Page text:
Take every opportunity to sniff out potential deals during a slowdown and you might be better positioned than most to grow during the recovery phase that will follow.

Access to financing in an economic slowdown

In a deteriorating economy, it is no surprise that banks and financial institutions will take a more conservative view in credit underwriting.

It is a given that SMEs are not as well capitalized as large corporates and MNCs and will find it even more taxing to tide through the  slowdown.

Financial markets are still sloshed with excess liquidity from central banks’ monetary quantitative easing exercises. Global interest rates remain depressed due to the credit liquidity.

Rates are forecasted to gradually increase as economists expect the US Federal Reserve to announce rates hikes to tame inflation. Singapore’s lending rate moves in close tandem with US lending rates and is also expected to increase following any moves from the Fed on rates hike.

This double whammy of tougher access to bank financing as well as higher interest costs could potentially tighten the noose around the SME which is not sufficiently capitalized.

Cash flow is the life line of all businesses and access to credit facilities is vital for today’s SME to tide through the downturn while undertaking internal restructuring to improve productivity, enhance processes and revamp itself to adapt and thrive in current market conditions.

Without access to financing, local SMEs would also find it hard to expand beyond our borders and heed the call from the government to internationalize and seek opportunities overseas.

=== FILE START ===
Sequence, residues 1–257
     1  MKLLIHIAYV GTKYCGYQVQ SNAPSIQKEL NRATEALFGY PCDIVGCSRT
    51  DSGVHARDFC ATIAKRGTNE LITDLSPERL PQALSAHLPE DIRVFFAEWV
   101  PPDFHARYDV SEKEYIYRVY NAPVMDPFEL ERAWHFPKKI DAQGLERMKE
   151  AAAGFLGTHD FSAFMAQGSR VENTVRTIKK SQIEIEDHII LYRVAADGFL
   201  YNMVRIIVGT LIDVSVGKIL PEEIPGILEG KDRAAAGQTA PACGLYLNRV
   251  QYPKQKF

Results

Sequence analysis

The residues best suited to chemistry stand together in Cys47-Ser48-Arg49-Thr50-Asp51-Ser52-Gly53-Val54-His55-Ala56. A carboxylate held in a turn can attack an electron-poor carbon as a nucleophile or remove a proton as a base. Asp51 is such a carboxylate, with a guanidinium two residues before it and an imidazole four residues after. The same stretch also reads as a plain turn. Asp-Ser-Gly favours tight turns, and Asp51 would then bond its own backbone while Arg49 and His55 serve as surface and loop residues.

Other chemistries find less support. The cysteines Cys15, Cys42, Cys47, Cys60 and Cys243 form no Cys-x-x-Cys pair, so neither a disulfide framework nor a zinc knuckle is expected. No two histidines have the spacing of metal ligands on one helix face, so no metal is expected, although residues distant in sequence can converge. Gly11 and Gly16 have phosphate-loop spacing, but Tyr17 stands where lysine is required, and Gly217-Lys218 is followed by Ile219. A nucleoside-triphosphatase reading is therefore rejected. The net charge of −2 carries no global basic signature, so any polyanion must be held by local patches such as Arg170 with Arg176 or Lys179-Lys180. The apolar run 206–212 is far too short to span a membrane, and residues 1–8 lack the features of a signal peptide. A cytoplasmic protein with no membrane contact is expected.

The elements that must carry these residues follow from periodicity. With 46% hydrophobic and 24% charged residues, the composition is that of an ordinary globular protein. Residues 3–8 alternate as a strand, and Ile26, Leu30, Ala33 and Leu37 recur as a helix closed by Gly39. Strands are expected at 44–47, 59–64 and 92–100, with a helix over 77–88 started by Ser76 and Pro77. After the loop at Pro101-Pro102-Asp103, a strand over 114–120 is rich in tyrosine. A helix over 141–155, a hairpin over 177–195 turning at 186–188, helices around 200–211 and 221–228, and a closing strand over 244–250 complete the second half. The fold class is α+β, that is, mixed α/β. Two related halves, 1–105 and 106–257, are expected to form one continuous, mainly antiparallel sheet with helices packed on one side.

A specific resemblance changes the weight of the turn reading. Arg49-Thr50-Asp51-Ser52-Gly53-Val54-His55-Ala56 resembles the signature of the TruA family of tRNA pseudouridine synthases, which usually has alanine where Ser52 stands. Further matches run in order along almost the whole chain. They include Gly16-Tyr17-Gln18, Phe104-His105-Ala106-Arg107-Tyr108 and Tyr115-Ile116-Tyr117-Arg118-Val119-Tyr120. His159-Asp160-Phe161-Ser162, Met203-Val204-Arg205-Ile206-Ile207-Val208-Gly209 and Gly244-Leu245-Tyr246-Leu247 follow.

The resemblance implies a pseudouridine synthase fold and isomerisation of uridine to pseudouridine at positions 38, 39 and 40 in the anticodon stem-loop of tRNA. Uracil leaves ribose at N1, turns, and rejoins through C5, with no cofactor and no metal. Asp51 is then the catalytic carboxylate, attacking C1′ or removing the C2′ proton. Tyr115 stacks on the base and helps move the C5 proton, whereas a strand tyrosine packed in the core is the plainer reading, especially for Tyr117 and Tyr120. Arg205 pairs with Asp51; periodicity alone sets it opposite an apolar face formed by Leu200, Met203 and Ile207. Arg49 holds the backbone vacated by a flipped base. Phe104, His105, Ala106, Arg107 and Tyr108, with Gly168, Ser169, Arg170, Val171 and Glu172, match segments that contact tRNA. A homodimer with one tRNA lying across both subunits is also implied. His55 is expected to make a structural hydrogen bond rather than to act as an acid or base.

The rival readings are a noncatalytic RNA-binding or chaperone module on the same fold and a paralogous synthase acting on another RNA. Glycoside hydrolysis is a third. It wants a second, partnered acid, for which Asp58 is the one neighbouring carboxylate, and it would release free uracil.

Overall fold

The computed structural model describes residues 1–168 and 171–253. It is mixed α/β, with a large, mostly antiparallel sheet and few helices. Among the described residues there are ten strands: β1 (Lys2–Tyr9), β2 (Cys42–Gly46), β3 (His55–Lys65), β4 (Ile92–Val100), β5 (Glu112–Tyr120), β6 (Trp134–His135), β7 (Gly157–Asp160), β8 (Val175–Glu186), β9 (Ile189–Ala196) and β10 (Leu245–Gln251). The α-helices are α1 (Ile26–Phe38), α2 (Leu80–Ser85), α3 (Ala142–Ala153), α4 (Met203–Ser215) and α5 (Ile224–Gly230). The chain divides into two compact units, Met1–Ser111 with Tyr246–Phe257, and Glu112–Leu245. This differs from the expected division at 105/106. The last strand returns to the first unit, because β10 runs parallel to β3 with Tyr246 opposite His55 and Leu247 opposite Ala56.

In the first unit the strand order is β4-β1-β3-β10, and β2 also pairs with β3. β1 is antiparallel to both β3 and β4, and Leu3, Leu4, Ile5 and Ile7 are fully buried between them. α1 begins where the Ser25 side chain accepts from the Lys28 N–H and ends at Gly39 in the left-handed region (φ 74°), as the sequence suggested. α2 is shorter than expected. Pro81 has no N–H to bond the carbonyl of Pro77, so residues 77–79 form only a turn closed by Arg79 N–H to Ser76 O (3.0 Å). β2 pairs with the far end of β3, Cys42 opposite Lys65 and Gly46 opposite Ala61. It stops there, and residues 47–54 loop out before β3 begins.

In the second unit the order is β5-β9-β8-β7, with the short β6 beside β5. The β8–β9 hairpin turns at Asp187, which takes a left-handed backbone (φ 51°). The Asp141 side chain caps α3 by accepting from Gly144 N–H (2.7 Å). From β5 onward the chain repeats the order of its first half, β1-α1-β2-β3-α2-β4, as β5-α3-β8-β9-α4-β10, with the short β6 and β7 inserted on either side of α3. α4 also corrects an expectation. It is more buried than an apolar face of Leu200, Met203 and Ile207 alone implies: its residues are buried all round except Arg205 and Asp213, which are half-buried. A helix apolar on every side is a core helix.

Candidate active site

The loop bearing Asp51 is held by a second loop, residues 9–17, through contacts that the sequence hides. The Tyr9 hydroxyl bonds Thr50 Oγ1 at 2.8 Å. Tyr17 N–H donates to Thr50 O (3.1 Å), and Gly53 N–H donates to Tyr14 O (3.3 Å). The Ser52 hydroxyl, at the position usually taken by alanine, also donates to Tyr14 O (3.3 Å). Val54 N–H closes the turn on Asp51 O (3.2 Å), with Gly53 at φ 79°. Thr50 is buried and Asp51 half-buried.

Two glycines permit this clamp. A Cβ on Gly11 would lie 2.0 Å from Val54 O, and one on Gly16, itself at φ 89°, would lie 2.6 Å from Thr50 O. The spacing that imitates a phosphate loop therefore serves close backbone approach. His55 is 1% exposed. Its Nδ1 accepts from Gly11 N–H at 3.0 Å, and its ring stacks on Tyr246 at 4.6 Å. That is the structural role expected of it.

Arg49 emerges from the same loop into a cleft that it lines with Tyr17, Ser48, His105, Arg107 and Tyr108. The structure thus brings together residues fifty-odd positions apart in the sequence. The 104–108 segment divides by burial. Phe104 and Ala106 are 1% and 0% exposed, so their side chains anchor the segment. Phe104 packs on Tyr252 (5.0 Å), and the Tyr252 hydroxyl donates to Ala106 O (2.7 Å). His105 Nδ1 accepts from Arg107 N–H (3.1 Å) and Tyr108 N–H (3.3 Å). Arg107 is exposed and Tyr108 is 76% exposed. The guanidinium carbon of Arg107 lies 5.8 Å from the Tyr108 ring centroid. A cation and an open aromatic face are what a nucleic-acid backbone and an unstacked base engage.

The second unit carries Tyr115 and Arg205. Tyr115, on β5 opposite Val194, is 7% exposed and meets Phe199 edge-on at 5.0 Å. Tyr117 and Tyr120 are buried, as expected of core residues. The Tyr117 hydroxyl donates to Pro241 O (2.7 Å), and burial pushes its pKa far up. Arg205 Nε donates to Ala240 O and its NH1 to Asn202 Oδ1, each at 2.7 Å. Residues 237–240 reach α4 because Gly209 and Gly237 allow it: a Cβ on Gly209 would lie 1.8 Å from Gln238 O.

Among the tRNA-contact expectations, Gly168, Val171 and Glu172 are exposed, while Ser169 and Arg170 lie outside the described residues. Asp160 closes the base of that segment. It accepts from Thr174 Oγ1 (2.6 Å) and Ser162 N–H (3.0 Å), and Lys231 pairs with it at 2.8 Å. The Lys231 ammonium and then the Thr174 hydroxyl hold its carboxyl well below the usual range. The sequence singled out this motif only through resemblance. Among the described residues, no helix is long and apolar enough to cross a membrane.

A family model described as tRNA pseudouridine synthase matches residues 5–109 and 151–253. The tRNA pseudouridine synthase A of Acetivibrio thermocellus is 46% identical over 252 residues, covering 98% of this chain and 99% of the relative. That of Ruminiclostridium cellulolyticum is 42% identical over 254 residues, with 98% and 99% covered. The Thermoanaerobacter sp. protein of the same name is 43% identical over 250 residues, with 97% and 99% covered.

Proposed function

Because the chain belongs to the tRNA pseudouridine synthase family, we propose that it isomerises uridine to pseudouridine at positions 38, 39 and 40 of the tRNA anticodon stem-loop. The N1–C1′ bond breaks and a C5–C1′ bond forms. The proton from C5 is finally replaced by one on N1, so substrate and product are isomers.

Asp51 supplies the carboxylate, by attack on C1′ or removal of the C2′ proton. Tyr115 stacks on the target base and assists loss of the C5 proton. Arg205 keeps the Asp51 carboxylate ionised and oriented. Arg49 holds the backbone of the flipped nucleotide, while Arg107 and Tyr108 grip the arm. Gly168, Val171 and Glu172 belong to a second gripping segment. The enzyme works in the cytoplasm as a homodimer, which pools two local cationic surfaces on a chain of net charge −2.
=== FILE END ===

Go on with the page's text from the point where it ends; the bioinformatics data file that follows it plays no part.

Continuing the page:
Within this challenging credit environment in business lending, SMEs can undertake the below 4 ways to tap into financing if they are facing issues with securing business loans:

Personal bank loan

SME owners whom are not able to meet the banks increasingly stringent credit underwriting criteria for business lending can turn to personal loans from banks instead. Personal loans generally have less red tape compared to business loans as banks will only analyze the director’s personal credit history and conduct and not the company’s financials & cash flow.

If the company’s financial reports are deteriorating and cashflow is weak, it might be tough convincing bank’s credit underwriters to approve a business loan application. If the director’s personal credit history is still healthy, banks’ personal loans can be an alternative.

However, personal loans are recommended only if the company has no other means to qualify for business loans and just require a quick cash injection of a small amount to tide through a short period of cash flow crunch.

Some personal loans bear higher interest than business loans and quantum extended are typically much smaller than business loans. If the director of the company approaches too many banks in the same time frame to raise the required amount of financing through personal loans, his/her personal credit score could be adversely impacted, resulting in even lower chances of approval for future business loan applications.

MAS has also tightened policies in personal unsecured credit limits limiting individuals’ unsecured personal credit limits across all banks not more than 12 times monthly income from June 2019.

High gearing in personal loans might also affect refinancing of your existing personal residential property loans with the MAS TDSR (total debt servicing ratio) policy that mandates an individual’s total personal credit monthly commitments not crossing 60% of monthly income when banks assess property loan applications.


For SMEs in high growth industries such as tech development, e-commerce, pharmaceuticals or logistics, equity crowdfunding is another alternative to business loans that can provide that much needed capital to fund expansion plans.

For SMEs whom are in more traditional industries and less likely to attract equity investors, another new innovative way to access funding that is gaining traction in Singapore is P2B crowdfunding.